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Consumer Views and Experiences of Secondary-Care Services Following REFOCUS-PULSAR Staff Recovery-Oriented Practices Training

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posted on 2023-06-05, 07:40 authored by Michelle Kehoe, Ellie Fossey, Vrinda Edan, Lisa Chaffey, Lisa BrophyLisa Brophy, Penelope June Weller, Frances Shawyer, Graham Meadows
Background: The use of recovery-oriented practice (ROP) can be challenging to implement in mental health services. This qualitative sub-study of the Principles Unite Local Services Assisting Recovery (PULSAR) project explored how consumers perceive their recovery following community mental health staff undertaking specific ROP training. Methods: Using a qualitative participatory methodology, 21 consumers (aged 18–63 years) participated in one-on-one interviews. A thematic analysis was applied. Results: Four main themes were extracted: (1) connection, (2) supportive relationships, (3) a better life, and (4) barriers. Connections to community and professional staff were important to support consumers in their recovery journey. Many consumers were seeking and striving towards a better life that was personal and individual to each of them, and how they made meaning around the idea of a better life. Barriers to recovery primarily focused on a lack of choice. A minor theme of ‘uncertainty’ suggested that consumers struggled to identify what their recovered future might entail. Conclusion: Despite staff undertaking the ROP training, all participants struggled to identify language and aspects of recovery in their interaction with the service, suggesting a need for staff to promote open, collaborative conversations around recovery. A specifically targeted recovery resource might facilitate such conversation.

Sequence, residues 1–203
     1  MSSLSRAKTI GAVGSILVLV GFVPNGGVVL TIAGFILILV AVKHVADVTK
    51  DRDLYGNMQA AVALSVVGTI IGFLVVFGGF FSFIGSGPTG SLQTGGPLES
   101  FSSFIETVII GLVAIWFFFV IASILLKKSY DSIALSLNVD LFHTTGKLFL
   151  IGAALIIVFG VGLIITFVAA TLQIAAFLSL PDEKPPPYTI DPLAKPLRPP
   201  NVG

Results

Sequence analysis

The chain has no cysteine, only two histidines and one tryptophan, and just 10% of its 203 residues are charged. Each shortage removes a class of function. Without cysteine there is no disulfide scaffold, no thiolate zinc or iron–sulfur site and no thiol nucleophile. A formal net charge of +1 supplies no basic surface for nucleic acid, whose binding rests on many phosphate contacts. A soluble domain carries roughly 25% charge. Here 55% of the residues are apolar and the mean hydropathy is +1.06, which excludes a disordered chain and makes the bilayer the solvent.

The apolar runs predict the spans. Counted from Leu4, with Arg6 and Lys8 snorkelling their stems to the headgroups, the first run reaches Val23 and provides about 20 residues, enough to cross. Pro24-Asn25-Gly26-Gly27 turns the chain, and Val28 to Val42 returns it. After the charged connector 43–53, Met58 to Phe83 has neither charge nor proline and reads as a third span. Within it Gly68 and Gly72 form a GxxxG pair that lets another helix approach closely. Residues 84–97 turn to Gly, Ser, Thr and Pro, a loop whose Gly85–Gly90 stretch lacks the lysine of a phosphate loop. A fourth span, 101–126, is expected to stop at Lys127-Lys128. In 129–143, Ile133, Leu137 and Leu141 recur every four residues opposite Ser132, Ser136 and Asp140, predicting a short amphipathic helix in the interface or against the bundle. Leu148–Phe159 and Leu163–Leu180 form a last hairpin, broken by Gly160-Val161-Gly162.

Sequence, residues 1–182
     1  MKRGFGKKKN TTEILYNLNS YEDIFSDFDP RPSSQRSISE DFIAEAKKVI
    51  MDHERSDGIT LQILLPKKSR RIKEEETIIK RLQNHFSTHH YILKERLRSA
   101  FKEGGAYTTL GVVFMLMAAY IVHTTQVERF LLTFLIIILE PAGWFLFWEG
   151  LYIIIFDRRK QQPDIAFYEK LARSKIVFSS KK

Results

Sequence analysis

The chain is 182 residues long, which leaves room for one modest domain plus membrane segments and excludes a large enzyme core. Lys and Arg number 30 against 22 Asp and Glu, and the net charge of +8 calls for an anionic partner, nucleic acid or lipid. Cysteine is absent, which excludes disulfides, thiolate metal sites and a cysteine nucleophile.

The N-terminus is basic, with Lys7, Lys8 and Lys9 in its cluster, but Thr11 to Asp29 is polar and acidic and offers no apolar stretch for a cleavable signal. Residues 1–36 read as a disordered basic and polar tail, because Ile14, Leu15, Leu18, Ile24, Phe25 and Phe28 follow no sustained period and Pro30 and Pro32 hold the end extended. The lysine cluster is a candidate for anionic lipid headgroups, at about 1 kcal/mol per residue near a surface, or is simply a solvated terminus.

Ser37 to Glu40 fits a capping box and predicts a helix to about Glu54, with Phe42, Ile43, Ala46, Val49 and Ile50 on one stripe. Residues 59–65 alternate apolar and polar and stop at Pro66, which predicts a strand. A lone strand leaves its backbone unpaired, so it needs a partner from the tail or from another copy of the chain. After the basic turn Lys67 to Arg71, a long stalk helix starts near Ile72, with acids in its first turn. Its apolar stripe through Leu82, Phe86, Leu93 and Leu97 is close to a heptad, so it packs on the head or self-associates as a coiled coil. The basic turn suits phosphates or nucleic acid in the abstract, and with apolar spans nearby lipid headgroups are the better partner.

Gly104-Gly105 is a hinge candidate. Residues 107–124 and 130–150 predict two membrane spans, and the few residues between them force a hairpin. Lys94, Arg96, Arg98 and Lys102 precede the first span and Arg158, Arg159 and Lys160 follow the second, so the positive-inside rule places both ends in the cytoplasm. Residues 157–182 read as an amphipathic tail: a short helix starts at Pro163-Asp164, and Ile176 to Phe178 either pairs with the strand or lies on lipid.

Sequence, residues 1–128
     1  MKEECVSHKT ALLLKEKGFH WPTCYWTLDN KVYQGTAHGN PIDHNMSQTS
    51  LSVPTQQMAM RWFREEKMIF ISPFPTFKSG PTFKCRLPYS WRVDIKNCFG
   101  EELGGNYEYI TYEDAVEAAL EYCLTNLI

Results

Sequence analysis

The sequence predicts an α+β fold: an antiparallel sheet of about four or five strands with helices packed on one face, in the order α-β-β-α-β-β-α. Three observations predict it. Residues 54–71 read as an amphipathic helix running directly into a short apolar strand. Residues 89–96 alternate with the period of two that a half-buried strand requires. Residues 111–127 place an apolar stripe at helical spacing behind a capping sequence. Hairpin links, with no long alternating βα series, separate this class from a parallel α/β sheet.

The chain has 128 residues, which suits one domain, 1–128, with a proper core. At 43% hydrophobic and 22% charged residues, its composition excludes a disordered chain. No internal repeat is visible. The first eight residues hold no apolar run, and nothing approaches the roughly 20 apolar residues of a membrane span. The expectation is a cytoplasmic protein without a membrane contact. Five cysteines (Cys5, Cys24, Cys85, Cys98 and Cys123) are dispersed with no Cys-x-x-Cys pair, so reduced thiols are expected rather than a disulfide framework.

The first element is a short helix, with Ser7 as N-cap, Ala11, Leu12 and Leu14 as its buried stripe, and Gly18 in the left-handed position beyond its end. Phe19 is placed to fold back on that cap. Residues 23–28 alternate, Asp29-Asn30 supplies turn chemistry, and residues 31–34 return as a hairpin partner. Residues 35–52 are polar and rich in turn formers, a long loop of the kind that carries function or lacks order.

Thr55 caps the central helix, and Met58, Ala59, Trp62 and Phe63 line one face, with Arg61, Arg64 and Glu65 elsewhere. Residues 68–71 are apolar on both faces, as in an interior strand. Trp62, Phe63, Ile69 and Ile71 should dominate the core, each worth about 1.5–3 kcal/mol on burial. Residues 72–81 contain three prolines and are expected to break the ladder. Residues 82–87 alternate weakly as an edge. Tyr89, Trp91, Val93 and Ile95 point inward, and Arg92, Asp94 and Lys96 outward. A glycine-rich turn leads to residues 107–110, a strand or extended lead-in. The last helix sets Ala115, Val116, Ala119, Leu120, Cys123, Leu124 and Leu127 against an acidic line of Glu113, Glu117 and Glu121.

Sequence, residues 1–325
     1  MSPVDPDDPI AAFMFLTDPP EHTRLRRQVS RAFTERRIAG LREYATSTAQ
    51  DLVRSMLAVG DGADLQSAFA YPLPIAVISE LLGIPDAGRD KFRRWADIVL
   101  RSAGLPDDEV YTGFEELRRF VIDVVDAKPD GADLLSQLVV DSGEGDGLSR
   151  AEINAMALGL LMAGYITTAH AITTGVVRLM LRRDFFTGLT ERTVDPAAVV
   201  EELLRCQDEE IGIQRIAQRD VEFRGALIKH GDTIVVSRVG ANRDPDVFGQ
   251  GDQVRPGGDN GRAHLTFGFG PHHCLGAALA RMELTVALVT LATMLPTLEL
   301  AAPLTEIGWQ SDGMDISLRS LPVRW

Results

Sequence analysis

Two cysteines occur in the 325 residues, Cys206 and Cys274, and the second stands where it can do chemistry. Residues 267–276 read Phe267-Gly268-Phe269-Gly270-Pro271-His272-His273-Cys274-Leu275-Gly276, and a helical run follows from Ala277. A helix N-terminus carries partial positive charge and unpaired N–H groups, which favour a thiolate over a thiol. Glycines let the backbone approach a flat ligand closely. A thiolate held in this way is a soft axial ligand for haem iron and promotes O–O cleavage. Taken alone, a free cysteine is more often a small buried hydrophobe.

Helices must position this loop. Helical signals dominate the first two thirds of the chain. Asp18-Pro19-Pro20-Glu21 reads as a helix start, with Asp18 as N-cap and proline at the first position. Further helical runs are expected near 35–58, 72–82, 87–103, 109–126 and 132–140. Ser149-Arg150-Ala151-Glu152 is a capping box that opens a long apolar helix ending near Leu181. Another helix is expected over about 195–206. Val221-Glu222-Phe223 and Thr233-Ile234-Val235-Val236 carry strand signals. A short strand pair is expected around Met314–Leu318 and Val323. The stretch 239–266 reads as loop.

History

Publication Date

2023-05-20

Journal

International Journal of Environmental Research and Public Health

Volume

20

Issue

10

Article Number

5894

Pagination

12p.

Publisher

MDPI

Rights Statement

© 2023 by the authors. Licensee MDPI, Basel, Switzerland. This article is an open access article distributed under the terms and conditions of the Creative Commons Attribution (CC BY) license (https://creativecommons.org/licenses/by/4.0/).

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